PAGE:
The foster parents were discussing cleaning the house when Makia Bryant was involved in a battle killed by police, the foster parents say.


New York Times

“Terrifying Tragedy”: A chaotic moment before police shoot in Columbus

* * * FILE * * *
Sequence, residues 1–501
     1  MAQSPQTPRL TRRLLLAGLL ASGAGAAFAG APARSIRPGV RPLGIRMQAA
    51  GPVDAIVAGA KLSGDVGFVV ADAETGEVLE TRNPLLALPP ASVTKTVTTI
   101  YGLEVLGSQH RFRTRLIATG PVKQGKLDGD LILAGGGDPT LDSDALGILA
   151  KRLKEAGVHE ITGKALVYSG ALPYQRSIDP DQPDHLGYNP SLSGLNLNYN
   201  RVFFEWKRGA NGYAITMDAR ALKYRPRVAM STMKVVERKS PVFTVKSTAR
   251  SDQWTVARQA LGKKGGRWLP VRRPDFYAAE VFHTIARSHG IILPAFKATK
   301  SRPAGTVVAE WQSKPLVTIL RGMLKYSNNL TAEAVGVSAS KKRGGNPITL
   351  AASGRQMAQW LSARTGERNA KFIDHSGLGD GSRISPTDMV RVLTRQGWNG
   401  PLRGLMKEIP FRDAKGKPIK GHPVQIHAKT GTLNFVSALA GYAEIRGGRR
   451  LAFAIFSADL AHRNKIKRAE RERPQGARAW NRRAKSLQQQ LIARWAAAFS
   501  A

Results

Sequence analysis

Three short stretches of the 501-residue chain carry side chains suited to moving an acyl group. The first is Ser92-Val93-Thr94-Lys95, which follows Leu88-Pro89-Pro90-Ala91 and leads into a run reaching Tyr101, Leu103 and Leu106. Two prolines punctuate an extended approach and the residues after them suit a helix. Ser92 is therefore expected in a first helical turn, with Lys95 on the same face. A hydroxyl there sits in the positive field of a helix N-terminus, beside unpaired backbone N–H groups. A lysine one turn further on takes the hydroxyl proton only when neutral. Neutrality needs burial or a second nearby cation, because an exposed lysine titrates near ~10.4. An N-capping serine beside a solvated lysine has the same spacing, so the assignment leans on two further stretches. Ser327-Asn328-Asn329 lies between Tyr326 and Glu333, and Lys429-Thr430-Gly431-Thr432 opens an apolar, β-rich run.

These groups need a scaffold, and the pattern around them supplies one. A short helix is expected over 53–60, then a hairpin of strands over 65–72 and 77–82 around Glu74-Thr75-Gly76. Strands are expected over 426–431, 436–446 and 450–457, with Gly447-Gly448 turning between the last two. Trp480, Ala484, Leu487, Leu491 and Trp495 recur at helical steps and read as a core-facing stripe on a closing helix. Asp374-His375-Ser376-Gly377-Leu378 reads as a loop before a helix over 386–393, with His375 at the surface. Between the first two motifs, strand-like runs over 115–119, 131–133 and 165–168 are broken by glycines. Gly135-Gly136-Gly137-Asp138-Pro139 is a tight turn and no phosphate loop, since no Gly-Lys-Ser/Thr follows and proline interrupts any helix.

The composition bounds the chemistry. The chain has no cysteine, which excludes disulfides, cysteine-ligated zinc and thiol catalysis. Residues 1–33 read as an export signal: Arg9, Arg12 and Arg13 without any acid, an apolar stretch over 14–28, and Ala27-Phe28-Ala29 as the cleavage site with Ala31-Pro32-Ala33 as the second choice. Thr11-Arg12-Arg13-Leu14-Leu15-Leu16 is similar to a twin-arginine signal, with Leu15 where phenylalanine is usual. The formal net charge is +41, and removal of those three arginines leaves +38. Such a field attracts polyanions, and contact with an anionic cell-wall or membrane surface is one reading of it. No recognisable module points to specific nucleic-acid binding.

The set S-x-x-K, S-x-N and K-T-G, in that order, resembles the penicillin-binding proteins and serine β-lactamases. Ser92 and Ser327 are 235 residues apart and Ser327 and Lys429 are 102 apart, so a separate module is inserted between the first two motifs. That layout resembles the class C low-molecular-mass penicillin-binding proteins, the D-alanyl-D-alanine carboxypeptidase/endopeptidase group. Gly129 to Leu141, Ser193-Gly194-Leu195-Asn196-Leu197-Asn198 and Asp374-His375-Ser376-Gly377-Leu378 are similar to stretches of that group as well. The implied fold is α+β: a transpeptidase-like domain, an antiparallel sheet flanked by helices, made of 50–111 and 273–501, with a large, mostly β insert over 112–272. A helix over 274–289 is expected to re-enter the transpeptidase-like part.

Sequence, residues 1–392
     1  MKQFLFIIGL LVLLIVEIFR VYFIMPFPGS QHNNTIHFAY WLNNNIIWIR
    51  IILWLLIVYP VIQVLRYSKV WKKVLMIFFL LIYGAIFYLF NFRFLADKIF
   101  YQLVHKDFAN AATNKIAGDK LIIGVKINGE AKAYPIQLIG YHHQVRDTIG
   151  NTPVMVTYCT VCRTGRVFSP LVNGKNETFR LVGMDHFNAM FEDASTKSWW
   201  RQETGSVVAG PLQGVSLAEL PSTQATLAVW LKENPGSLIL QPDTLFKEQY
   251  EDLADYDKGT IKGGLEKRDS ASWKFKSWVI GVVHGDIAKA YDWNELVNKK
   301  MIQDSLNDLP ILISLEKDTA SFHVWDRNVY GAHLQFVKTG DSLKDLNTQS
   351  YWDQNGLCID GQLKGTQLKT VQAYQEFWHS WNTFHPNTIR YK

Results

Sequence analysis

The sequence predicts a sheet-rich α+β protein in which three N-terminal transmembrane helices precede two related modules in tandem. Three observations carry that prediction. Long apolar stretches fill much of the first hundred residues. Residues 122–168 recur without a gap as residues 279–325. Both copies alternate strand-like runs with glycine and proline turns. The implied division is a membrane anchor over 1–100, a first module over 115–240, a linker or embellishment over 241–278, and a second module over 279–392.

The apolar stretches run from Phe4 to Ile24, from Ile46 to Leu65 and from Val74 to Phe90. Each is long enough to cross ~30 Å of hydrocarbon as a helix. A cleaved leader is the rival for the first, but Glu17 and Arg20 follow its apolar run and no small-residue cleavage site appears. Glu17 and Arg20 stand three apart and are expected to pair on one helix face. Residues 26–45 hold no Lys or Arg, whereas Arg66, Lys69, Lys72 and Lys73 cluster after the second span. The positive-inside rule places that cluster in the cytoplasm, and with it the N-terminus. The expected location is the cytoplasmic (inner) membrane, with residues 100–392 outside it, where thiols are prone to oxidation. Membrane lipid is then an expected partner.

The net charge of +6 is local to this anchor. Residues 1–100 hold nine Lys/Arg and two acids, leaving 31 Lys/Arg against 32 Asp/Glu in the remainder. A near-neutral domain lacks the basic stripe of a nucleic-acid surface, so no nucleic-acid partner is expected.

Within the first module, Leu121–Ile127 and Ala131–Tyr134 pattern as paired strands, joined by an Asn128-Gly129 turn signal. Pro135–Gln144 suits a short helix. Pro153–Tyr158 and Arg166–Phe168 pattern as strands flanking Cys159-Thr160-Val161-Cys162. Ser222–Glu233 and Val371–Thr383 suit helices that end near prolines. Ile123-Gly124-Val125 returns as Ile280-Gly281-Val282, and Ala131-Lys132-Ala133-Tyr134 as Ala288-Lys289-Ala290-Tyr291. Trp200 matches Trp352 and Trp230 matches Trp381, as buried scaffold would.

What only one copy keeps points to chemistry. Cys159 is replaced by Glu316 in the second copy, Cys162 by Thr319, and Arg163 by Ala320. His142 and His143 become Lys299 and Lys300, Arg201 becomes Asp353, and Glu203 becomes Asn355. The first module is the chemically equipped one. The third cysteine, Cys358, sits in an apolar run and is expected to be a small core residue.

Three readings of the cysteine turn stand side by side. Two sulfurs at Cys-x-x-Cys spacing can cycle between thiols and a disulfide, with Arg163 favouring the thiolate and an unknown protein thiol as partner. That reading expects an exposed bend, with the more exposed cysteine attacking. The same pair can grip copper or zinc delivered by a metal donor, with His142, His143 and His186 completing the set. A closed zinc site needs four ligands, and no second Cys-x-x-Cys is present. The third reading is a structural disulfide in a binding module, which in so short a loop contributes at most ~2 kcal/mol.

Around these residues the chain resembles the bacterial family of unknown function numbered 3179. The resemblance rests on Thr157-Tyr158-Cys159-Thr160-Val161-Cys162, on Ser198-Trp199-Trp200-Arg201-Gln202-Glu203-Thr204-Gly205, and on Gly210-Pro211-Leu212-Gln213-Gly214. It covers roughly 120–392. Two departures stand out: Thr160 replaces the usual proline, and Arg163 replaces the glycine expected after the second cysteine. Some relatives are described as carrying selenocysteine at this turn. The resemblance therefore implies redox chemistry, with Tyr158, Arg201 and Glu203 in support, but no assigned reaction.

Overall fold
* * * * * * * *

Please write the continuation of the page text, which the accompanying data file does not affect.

Columbus, Ohio — It was Valentine’s Day when 16-year-old Makia Briant moved to the foster home where her sister lived for over a year. While Brian fostered a constant hope of living with his biological mother again, the girls were nearby and danced together to make a video of TikTok. Angela Moore, who said she provided foster parents for Bryant and her sister in a quiet block on the southeastern tip of Columbus, Ohio, said, “She said,’I want to be with my mom.’ “. Shortly after Columbus police officers deadly shot Bryant on Tuesday afternoon and arrived in a chaotic turmoil outside her foster home, those dreams were shortened. Body camera footage released by Columbus police seems to show that Bryant is holding a knife while rushing towards another person shortly before being shot. Sign up for the morning newsletter from The New York Times Her death instigated a new wave of sadness, anger, and protest on Wednesday over yet another police murder. And that timing (just minutes before the Minneapolis jury convicted Derek Chauvin for the killing of George Floyd) severely reminded us of the constant tally of police killings. As the White House described Bryant’s death as “tragic” on Wednesday, Columbus law enforcement officials released a 911 call and a new body camera video showing the enthusiastic moments surrounding her shooting. I asked for patience from the community. Michael Woods, interim chief of the Columbus police station, identified the police officer who shot Bryant as Nicholas Riadon and said he had been in the unit since December 2019. The city’s public security bureau chief said at a press conference Wednesday. “But the video shows that there’s more to this. You need to pause and watch the series of events carefully. It’s not easy, but you have to wait for the facts determined by an independent investigation. In a third-party investigation conducted by the Ohio Criminal Investigation Department, Mr. Petas said, what Riadon had, what he saw on the scene, and “what happened if he did nothing.” We need to answer important questions such as. .. The first 911 phone call that took the police home came at 4:32 pm on Tuesday. It’s a screaming dissonance. A caller who sounds like a young woman says someone is “trying to stab us” and “puts his hand” on the caller’s grandmother. The dispatcher repeatedly asks if the caller has seen the weapon. “I need a police officer here right now,” the caller replies. The person’s identity was unclear on Wednesday. The second 911 call arrived a few minutes later, but the caller hung up because the police had already arrived. Unlike the painful slow video of Floyd’s death in Minneapolis, he calls out that Chauvin can’t breathe when he kneels on his neck, but a video released by Columbus police reveals Bryant’s murder in seconds. It shows that it has become. According to Columbus police, police officers were dispatched to their home in Legion Lane on Tuesday at 4:35 pm and arrived at 4:44 pm. When Riadon got out of the car, he met seven people outside the two-story brick house and asked, “What’s wrong?” I heard a scream in the background. An unidentified girl was attacked by Bryant and appeared to have fallen into the grass after being kicked by an unidentified man. Video footage showed that Bryant, who had a knife, appeared to be rushing towards a person in pink clothes pinned to a car parked on a driveway. “Hey! Hey!” Riadon said he would pull out the gun. “Get off! Get off!” He fired four quick shots and Bryant fell to the ground at the end of the driveway. Witnesses shouted, “Why did you shoot her?” The policeman replied, “She came to her with a knife.” This was clearly referring to a person dressed in Bryant and Pink. According to Woods, Columbus police officers were allowed to use deadly forces to protect those at risk of being killed by others. He said taser is generally reserved for situations where there is no imminent threat of death. The officer will try to fire when he has time, but he doesn’t have to say that he’s trying to fire a weapon, he added. “It’s a tragedy,” Woods said. “There is no other way to say that. It’s a 16-year-old girl.” Two experts who reviewed body camera footage seemed to justify the use of police force in this case. Said that. Jeffrey P. Alpert, a professor of criminology at the University of South Carolina, said investigators would look to see if police believed there was an imminent threat to the lives of other women. In the event of an imminent threat, he said, investigators would find out if police could rely on other control methods. Based on his own review, Alpert said Bryant seemed to threaten the lives of other women. “Is there any other option? She wasn’t trying to stab the woman,” said Alpert, saying that taser guns can take too long to deploy and less than lethal weapons are 100% reliable. He added that it was not possible. “He saves her life, not her own,” he said. “What if that didn’t work and she killed this woman?” Still, Bryant’s family and activists throughout Columbus questioned why police officers shot Bryant. “I don’t know why he shot her,” said Bryant’s foster parent Moore. “I don’t know why he didn’t bully her or why they didn’t try to break it.” “In the end, it wasn’t worth it,” she added. Tensions about shooting by black police were already vivid around Columbus. In early December, 23-year-old Casey Goodson Jr. was shot dead at the entrance to his home by a deputy Sheriff Franklin County, who was looking for someone else. Two weeks later, Andre Hill was shot by a Columbus police officer who was later charged with felony murder. Moore said he was working during the shooting but believed that the fight began with discussions about household chores. She said one of her former foster children visited the house on Tuesday and criticized Bryant and her sister for having a messy bedroom. “There was a problem there,” Moore said. “I didn’t know they called the police.” Moore said Bryant moved home on February 14 and was one of three foster children living there, including his sister. Bryant’s family expressed disappointment and anger at her death, describing Bryant as sweet and compassionate. They said she should still be alive. “This may have been escalated by Columbus police,” said Don Bryant, Bryant’s mother’s cousin. “There are things you can do to avoid pulling out a gun and shooting someone. I have doubts about the use of force.” Don Bryant doesn’t know how Makia Bryant became a foster parent. Said. But he said her mother, Paula Bryant, who works as a nursing assistant in Columbus, was working for a reunion. “Pola was working very hard to get Makia home and doing everything right,” said Don Bryant. Ma’Khia Bryant enrolled in an independent high school in Columbus in February. Jacqueline Bryant, an unrelated Columbus Municipal School spokesman, said her teacher “want to be very respectful, attend school and learn every day” in the short time Makia Bryant was there. He said he had reported. Neighbors were still stunned at Legion Lane, where a monument to flowers and stuffed animals was growing on Wednesday. Chris Mitchell, 31, from another city, heard a “very big controversy” followed by gunshots about two minutes later while playing with his two children in a nearby backyard. “I came out and saw a young woman on the ground,” Mitchell said. Israel Reales, 19, said she was unloading groceries from her car when her mother, Nahomi, heard the gunshot. She went out and raised her hand to see the people. She told the story through her interpreted son. “Police need more training,” Reales said. “The way it was handled was not appropriate.” Activists demonstrating at the shooting site on Tuesday said they would march to police headquarters late Wednesday afternoon to demand answers and accountability. Stated. “They didn’t make things worse,” said De Juan Sharp, the organizer of a local Black Lives Matter group called Downtownerz. “I don’t know why he used the gun first.” This article was originally published in The New York Times. © 2021 The New York Times Company